Often, pet owners have big hearts but have to budget the dog food along with the family’s grocery bill and It’s true that specialty dog foods can come with a very special price tag. Some options are to buy in bulk, keep an eye out for sales, find coupons in print and online, and spend less on dog treats and more on meals. Dog food does have an expiration date through, so before you stockpile, think about how much your dog will actually eat. If your dog won’t reasonably consume a giant bag of food in the next month or so, consider splitting the cost and bag with a friend or neighbor who also has a doggie whose up in years. Having a senior dog owner buddy can help encourage more dog walks and less stress about keeping up with the feeding bill.

Be sure to store dog food properly to keep it fresh and free of pests. Once a bag of dry food is opened, be sure to store in an air tight container. If it is wet food be sure to keep refrigerated. Make mealtime, whether it is once or twice a day, a special bonding time and follow up with a brisk walk to aid digestion.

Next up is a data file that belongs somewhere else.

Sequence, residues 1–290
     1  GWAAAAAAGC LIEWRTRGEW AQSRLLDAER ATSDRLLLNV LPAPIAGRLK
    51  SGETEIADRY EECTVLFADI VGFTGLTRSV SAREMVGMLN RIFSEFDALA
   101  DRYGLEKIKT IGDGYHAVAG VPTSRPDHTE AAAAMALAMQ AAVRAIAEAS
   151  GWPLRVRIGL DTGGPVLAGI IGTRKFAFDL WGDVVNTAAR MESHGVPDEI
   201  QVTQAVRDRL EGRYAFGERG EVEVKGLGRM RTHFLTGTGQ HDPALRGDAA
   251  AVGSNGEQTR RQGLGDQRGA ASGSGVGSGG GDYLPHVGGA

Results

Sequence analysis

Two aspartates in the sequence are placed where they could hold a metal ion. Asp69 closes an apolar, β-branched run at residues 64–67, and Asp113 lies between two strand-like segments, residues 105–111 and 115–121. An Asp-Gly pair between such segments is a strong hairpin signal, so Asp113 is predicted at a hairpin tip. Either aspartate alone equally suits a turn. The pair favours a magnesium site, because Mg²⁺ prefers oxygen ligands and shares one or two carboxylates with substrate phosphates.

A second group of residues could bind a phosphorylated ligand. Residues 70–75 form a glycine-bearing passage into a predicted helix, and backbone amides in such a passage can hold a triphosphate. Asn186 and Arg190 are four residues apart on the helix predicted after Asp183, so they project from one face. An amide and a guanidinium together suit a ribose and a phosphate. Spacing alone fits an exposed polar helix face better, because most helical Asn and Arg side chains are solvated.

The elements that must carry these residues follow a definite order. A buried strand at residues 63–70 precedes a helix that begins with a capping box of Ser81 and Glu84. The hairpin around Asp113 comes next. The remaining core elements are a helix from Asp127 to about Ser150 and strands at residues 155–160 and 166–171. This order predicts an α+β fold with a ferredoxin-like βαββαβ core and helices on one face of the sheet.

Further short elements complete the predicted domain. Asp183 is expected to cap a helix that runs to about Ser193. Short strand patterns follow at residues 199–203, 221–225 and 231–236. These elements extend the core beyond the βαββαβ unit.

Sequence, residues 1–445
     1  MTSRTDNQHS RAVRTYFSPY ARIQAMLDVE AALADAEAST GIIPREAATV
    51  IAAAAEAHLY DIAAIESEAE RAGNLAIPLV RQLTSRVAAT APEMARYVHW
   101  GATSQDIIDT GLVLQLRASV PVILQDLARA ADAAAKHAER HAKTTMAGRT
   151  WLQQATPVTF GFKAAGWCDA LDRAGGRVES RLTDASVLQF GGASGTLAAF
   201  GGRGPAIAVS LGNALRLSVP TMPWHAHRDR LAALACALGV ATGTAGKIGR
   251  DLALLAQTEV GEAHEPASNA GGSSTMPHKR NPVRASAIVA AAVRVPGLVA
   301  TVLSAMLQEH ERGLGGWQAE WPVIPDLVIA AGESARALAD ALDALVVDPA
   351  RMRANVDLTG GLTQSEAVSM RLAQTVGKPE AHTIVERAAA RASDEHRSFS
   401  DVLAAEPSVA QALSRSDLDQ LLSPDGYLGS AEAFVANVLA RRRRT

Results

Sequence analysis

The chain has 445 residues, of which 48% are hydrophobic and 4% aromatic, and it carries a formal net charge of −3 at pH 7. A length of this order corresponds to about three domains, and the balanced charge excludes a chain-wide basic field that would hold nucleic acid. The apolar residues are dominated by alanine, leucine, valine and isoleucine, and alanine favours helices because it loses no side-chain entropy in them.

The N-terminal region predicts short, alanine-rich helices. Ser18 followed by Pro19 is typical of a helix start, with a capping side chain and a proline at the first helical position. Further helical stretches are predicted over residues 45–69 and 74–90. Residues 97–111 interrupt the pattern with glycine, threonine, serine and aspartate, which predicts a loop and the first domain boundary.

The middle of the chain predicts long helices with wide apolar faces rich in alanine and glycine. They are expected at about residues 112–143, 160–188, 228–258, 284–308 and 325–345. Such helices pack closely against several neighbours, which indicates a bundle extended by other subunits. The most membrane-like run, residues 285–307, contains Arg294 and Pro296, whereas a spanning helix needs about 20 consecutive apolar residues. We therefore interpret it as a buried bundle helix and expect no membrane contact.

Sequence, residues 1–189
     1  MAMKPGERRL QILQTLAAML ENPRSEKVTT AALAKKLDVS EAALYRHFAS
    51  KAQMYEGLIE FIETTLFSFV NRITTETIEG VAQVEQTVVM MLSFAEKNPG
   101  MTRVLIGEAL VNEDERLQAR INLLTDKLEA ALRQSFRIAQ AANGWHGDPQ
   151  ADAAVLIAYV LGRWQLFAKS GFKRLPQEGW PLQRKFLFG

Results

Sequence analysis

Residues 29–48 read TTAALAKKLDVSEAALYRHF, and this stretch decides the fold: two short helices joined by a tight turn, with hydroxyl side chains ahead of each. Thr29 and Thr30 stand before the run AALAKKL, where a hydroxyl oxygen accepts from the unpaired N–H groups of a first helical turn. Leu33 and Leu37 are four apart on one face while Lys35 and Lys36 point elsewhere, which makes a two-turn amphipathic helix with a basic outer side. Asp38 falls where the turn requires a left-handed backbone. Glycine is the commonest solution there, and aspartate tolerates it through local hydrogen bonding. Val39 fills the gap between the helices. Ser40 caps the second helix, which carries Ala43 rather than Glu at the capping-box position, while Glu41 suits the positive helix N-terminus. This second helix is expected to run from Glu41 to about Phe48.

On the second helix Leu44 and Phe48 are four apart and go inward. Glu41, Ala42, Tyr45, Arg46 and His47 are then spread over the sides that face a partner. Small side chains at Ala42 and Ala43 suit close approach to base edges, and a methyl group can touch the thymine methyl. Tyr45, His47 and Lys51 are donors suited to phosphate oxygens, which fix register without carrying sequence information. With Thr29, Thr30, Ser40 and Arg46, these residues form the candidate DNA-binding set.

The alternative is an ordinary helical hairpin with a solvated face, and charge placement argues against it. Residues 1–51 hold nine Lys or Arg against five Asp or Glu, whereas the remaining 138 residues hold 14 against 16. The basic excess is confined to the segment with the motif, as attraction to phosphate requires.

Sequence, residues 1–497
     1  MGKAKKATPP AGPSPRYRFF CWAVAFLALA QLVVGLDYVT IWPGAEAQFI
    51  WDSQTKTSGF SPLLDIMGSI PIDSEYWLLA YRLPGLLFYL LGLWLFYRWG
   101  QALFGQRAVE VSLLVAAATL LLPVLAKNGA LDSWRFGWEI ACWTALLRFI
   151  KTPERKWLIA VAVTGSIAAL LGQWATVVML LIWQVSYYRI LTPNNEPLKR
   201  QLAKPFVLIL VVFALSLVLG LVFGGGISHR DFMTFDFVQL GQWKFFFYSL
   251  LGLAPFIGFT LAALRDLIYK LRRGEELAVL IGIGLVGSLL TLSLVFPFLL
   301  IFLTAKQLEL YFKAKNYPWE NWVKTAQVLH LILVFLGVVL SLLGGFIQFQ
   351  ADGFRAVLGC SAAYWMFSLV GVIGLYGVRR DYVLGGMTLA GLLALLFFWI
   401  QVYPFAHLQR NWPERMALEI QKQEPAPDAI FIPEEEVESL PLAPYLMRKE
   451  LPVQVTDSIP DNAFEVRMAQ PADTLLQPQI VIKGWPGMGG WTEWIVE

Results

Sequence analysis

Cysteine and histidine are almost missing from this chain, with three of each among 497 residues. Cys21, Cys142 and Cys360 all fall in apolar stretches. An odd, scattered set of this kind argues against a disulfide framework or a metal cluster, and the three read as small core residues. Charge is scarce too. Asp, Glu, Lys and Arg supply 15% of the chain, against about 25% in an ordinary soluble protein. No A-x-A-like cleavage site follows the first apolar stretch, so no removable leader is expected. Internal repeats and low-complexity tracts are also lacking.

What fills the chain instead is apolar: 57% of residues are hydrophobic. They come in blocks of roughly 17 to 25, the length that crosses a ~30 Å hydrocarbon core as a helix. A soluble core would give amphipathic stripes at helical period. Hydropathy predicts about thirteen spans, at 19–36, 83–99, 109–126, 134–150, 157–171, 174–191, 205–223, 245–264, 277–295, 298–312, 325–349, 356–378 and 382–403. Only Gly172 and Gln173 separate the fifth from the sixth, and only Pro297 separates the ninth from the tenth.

Wet food can contain an incredible amount of water. Watery dog food usually costs far less as it provided far less nutrition. Yes, water is an important part of a dog’s diet but unless a dog has trouble chewing, it’s best to feed dry and mix in a little wet as a special treat unless instructed otherwise by a veterinarian.

Treat Older Dogs Differently

Yummy treats should be a very small part of a dog’s daily diet. You can feed your dog the healthiest food available; however, they can easily bulk up on training treats, dog biscuits etc. Obesity is the main health challenge in older dogs. Like we humans, weight gain can lead to heart disease, joint problems, even cancer. Try giving your dog an extra walk or time outside chasing a ball. The best treat of all for a dog is time spent with their loving human.

Some dog’s appetite decreases with age. It might be necessary to try a few different brands to find one that your picky eater finds delicious, although most dogs, even picky eaters, will eat just about anything when hungry. That’s why humans have to be strictly in charge of feeding them right.